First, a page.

This gem makes it really, REALLY easy to use the Freshbooks API. It couldn't be easier.

With only 3 functions you'll ever need to use, and only 2 required configuration values, it can't get any easier.


Add this line to your application's Gemfile: gem 'fresh-auth' And then execute: $ bundle Or install it yourself as: $ gem install fresh-auth



You must define your Freshbooks subdomain and your OAuth Secret in your application code before using Fresh::Auth. For Ruby on Rails apps, a new file at config/initializers/fresh-auth.rb would be appropriate.

Your configuration file should look like this (you fill in the three empty strings):

Fresh::Auth.configure do |config|

  # The part of your login url between 'http://' and ''
  config.url.subdomain = ""

  # Under 'My Account' (on the top right when you're logged into Freshbooks)
  #   -> 'Freshbooks API' -> 'OAuth Developer Access' -> 'OAuth Secret'
  # You'll need to request this from Freshbooks initially.
  config.oauth_secret = ""

  # Optional.  Any string of your choice.  Be creative or check out
  config.nonce_salt = ""

Fear not: If you try to use Fresh::Auth without configuring it first, an exception will be thrown that clearly describes the problem.

Public API:

There are two modules in this API: Fresh::Auth::Authentication and Fresh::Auth::Api


This module authenticates you with Freshbooks, storing the authentication in an array called session. This integrates seamlessly with Ruby on Rails' controller environment. If you're using some framework other than Ruby on Rails, make sure to define session in your class before including the Authentication module. This isn't recommended because your class will also need to define other objects called params and request and implement a redirect_to method. It gets complicated. Better leave it to Rails to handle this for you.

The only public function of this module is AuthenticateWithFreshbooks.

To use it, just add the following line of code to your controller: include Fresh::Auth::Authentication

Then, the following line of code authenticates with Freshbooks from any method in your controller: AuthenticateWithFreshbooks()

Note that, after authenticating with Freshbooks, the user will be redirected back to the same path using HTTP GET, so make sure the resource supports HTTP GET and that in the business logic executed on GET, AuthenticateWihFreshbooks() is called.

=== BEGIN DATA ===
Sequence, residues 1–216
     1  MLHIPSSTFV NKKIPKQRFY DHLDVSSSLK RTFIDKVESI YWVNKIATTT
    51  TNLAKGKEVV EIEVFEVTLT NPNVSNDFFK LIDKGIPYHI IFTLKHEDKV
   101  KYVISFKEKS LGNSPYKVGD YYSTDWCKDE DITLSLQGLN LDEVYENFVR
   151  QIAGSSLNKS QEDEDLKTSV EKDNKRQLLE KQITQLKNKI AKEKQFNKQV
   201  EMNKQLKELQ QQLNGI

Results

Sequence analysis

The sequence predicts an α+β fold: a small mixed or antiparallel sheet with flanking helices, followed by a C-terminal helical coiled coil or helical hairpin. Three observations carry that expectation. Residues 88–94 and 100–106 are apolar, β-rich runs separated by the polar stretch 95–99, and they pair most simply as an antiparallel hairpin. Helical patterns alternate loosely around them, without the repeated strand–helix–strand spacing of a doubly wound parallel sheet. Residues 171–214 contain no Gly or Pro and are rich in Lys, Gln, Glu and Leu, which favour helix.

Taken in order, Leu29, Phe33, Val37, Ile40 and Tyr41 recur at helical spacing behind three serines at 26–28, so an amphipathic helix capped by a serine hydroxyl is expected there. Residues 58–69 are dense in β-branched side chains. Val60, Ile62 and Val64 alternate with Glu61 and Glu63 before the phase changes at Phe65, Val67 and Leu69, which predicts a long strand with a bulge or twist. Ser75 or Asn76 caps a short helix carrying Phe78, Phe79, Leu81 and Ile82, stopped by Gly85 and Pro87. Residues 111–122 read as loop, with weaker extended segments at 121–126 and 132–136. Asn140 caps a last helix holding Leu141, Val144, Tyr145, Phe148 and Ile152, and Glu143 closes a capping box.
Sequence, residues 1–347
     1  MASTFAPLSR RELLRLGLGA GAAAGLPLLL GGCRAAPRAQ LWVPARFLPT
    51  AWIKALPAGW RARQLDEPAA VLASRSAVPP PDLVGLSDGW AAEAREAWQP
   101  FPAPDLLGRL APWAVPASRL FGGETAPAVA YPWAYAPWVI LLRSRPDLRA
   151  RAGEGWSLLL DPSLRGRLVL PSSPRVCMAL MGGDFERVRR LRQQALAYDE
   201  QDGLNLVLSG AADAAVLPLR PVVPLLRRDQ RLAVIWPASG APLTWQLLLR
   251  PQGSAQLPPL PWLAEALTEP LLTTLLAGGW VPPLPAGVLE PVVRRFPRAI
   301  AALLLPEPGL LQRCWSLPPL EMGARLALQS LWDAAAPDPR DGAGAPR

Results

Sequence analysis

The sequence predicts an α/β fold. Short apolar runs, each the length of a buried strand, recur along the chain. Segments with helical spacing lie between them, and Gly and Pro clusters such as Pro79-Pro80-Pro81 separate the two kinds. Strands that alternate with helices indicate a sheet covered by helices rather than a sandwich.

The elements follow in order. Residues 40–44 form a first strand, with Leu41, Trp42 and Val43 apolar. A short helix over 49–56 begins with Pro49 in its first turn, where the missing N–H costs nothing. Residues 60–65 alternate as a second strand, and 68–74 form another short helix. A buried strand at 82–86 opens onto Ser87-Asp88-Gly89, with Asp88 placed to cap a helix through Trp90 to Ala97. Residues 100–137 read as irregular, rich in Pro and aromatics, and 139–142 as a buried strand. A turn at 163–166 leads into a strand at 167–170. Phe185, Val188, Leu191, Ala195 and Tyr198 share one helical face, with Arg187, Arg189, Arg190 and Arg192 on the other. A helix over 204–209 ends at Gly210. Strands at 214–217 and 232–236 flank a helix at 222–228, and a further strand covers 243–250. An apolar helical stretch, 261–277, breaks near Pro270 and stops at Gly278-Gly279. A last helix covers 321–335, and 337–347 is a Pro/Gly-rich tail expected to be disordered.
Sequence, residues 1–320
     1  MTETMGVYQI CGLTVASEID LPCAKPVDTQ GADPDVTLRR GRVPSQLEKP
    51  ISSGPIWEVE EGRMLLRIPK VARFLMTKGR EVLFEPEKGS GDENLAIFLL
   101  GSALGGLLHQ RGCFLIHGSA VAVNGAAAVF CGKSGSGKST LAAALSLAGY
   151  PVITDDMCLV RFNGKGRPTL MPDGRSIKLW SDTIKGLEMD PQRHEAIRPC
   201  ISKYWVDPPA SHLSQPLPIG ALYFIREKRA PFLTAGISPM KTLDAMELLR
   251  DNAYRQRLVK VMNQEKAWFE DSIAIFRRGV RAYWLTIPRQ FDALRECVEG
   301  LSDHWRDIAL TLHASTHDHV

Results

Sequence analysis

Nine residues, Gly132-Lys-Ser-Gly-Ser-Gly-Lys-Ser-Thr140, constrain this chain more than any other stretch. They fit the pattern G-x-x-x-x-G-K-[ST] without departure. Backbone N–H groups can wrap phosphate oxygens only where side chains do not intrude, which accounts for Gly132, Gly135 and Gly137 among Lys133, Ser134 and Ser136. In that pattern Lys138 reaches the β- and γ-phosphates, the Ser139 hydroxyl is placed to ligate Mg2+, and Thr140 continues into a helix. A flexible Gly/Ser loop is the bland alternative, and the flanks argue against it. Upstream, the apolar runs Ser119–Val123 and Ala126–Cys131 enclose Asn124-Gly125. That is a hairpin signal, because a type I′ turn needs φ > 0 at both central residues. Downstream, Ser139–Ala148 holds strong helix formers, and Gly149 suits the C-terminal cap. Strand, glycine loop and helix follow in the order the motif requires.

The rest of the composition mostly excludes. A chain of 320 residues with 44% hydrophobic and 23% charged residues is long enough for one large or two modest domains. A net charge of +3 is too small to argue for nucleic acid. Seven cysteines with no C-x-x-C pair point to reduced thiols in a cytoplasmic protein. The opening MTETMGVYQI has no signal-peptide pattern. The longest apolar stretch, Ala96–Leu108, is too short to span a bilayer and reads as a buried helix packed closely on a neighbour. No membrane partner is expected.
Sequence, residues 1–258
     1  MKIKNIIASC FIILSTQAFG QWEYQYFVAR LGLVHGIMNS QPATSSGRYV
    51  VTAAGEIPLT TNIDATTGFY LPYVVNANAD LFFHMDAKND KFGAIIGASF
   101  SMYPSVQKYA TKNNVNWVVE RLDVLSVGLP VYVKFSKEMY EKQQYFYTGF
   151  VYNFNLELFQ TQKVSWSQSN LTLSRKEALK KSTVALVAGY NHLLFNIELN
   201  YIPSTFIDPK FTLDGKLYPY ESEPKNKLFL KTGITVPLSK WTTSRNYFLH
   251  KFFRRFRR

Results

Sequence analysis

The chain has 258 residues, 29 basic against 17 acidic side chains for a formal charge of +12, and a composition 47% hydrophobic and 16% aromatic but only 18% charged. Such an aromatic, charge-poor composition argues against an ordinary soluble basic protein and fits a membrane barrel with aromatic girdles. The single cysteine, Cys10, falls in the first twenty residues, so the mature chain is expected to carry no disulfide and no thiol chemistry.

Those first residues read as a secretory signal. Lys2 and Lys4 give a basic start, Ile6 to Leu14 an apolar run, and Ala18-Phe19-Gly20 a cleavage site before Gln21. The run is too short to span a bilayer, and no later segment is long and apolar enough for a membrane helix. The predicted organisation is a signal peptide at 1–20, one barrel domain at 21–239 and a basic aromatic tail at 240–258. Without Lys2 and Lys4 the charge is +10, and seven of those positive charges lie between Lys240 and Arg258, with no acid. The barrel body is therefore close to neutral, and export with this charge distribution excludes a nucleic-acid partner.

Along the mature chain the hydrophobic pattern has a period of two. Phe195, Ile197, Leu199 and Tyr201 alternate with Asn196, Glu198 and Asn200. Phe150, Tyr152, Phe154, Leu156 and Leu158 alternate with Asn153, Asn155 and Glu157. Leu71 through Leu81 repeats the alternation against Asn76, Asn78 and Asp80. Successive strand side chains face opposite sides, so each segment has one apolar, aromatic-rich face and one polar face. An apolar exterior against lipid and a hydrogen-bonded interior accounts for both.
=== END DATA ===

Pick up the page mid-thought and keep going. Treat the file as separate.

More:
Once you've authenticated, you want to send XML requests to Freshbooks. The first step is preparing the XML with Fresh::Auth::Api.GenerateXml, which you'll supply with a block that defines all the nested XML that you want in your request. GenerateXml also takes two arguments before the block: the class and method that you want to call.

First, in your controller: include Fresh::Auth::Api

Then, in some method in that controller:

my_xml = GenerateXml :invoice, :update do |xml|
  xml.client_id 20
  xml.status 'sent'
  xml.notes 'Pick up the car by 5'
  xml.terms 'Cash only'
  xml.lines {
    xml.line { 'catalytic converter'
      xml.quantity 1
      xml.unit_cost 450
      xml.type 'Item'
    xml.line { 'labor'
      xml.quantity 1
      xml.unit_cost 60
      xml.type 'Time'

Ok, you created the XML. Now you want to send it. Sounds pretty complicated, right? Not at all! Ready? Let's go!

_response = PostToFreshbooksApi my_xml

Now, are you wondering what's in _response? I'll tell you shortly, but before we discuss that, we have to know about the exception that PostToFreshbooksApi might raise. It raises a detailed error message if the response status is not 'ok'. Makes sense, right?

Now, you still want to know what's in _response? Oh, nothing fancy. Just a Nokogiri XML object, representing the root element of the xml response. Could this get any easier?


  1. Fork it
  2. Create your feature branch (git checkout -b my-new-feature)
  3. Commit your changes (git commit -am 'Added some feature')
  4. Push to the branch (git push origin my-new-feature)
  5. Create new Pull Request